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The signage near the entrance

We really worked up a hunger from all of that hiking and gorgeous views so I persuaded my wife to go to Rainbow Drive Inn, which has and always will be one of my staples in Honolulu. Serving Hawaiian comfort food, the portions are large, the prices low, and the settings sparse. But rarely will you find a place that has consistently served quality food to generations that hasn’t gone mainstream (aka raised prices to outrageous levels).

The wife opted for teriyaki chicken and fries while I went with what I love: loco moco with mac salad. In case you’re not familiar with loco moco, this Hawaiian staple is a scoop of white rice with a hamburger patty and fried egg on top, covered with gravy, and served with a side of macaroni salad. Certainly not a healthy option but one I guarantee you’ll enjoy!

After lunch, we drove out to Hanauma Bay but we arrived too late to actually stay on the beach for more than a few minutes. We stopped at a vista point on the way back to Waikiki and found a most unusual site: wild cats and mongooses sharing piles of food that evidently someone had left them.

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Cats and Mongooses…in the “wild”

We decided to pull off the highway at Maunalua Bay Beach Park to take in the sunset, and we were treated yet another beautiful Hawaiian evening.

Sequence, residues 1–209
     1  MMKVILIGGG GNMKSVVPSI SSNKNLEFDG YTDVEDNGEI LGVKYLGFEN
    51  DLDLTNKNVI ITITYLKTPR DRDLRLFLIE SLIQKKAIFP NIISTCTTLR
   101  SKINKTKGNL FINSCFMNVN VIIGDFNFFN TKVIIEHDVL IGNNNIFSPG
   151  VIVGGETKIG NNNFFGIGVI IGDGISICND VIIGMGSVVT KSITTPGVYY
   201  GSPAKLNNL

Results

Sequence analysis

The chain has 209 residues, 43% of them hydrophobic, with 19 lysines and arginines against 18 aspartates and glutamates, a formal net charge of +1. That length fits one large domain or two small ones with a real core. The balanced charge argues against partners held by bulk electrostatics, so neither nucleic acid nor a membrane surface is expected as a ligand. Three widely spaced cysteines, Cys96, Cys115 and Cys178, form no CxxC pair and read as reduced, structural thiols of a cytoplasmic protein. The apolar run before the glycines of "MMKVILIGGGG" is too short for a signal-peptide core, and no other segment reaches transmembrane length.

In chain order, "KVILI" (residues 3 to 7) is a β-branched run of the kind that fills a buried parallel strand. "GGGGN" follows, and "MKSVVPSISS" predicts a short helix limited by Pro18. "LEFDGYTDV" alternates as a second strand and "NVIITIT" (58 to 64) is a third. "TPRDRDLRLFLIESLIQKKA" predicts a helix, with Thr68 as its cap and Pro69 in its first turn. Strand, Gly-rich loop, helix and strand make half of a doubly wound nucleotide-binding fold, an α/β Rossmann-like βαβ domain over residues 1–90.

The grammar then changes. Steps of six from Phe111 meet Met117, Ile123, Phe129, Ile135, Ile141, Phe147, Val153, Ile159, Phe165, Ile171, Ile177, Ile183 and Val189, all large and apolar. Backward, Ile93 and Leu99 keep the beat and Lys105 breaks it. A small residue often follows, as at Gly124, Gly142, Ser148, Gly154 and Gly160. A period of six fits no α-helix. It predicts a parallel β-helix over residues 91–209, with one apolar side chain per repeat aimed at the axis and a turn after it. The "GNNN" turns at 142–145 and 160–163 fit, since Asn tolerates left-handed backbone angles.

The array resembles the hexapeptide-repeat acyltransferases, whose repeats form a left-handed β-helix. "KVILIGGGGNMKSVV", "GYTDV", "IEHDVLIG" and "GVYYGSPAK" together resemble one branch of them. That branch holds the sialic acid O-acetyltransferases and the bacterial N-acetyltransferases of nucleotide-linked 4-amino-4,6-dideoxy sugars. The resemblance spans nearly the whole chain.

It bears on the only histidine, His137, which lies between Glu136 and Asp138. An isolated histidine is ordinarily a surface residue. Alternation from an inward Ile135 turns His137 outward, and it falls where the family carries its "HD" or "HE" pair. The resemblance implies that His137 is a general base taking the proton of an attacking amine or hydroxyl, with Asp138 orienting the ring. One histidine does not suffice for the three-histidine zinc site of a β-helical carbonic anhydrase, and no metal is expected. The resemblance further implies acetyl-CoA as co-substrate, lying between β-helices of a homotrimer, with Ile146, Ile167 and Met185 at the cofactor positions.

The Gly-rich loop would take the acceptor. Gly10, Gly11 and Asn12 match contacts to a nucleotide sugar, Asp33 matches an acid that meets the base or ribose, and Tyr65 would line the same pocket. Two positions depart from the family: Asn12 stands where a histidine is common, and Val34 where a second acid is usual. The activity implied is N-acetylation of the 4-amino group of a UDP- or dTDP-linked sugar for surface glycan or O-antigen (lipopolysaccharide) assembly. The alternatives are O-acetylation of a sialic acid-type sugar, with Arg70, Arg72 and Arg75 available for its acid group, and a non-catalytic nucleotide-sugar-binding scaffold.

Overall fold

From here, our nighttime plans took us to Ala Moana Shopping Mall for some shopping (yes those are Hello Kitty waffle treats) followed by authentic ramen and Japanese curry over rice at Goma Tei.

 

Day 3: Hiking Manoa Falls and Visiting Hanauma Bay

Our third day in Honolulu began with amusement from a clever sign writer:

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We decided to continue with our outdoorsy theme by driving to Manoa Falls. It costs $5 to park your car and you’re probably not going to spend more than a couple hours here.

The ascent to the falls itself will take you through some lovely groves of bamboo, trees, rocks, and streams, and when you get to the falls itself, you’ll understand why this is such a popular hike. It’s relatively easy and should only take a half hour or so to make the one-way journey.

Knowing we would be spending our afternoon relaxing on the beach, we stopped at Banan for a tasty soft serve and then Zippy’s, the ubiquitous Hawaiian chain, for some plate lunch kits. From there, it was back to Hanauma Bay to lay out our beach towels, read, doze off, and soak up the sun. Despite being popular, this beach never felt crowded and it was easy for us to find a place to pitch our camp for a few hours.

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Hanauma Bay

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Hanauma Bay

We once again returned to Waikiki after our suntanning session and spent the rest of the evening at the nearby Waikiki Brewing Company, over pints and amusing Sunday night trivia.

 

Day 4: Being a Fat Kid